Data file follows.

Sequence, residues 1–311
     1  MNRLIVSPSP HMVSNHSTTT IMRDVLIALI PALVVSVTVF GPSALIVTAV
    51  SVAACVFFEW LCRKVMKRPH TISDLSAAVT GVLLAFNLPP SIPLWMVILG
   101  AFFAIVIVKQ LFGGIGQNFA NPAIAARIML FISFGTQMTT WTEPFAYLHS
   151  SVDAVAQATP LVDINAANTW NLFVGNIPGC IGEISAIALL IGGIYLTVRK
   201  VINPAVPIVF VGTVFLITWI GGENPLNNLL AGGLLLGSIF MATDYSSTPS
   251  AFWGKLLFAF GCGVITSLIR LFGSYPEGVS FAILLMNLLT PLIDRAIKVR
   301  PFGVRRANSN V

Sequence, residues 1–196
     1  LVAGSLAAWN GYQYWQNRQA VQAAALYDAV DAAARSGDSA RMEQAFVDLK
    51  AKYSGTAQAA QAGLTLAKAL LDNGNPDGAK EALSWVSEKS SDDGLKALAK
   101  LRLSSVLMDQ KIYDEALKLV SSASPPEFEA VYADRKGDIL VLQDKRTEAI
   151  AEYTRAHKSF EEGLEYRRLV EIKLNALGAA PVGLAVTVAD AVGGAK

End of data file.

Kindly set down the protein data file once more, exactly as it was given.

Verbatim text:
Sequence, residues 1–311
     1  MNRLIVSPSP HMVSNHSTTT IMRDVLIALI PALVVSVTVF GPSALIVTAV
    51  SVAACVFFEW LCRKVMKRPH TISDLSAAVT GVLLAFNLPP SIPLWMVILG
   101  AFFAIVIVKQ LFGGIGQNFA NPAIAARIML FISFGTQMTT WTEPFAYLHS
   151  SVDAVAQATP LVDINAANTW NLFVGNIPGC IGEISAIALL IGGIYLTVRK
   201  VINPAVPIVF VGTVFLITWI GGENPLNNLL AGGLLLGSIF MATDYSSTPS
   251  AFWGKLLFAF GCGVITSLIR LFGSYPEGVS FAILLMNLLT PLIDRAIKVR
   301  PFGVRRANSN V

Sequence, residues 1–196
     1  LVAGSLAAWN GYQYWQNRQA VQAAALYDAV DAAARSGDSA RMEQAFVDLK
    51  AKYSGTAQAA QAGLTLAKAL LDNGNPDGAK EALSWVSEKS SDDGLKALAK
   101  LRLSSVLMDQ KIYDEALKLV SSASPPEFEA VYADRKGDIL VLQDKRTEAI
   151  AEYTRAHKSF EEGLEYRRLV EIKLNALGAA PVGLAVTVAD AVGGAK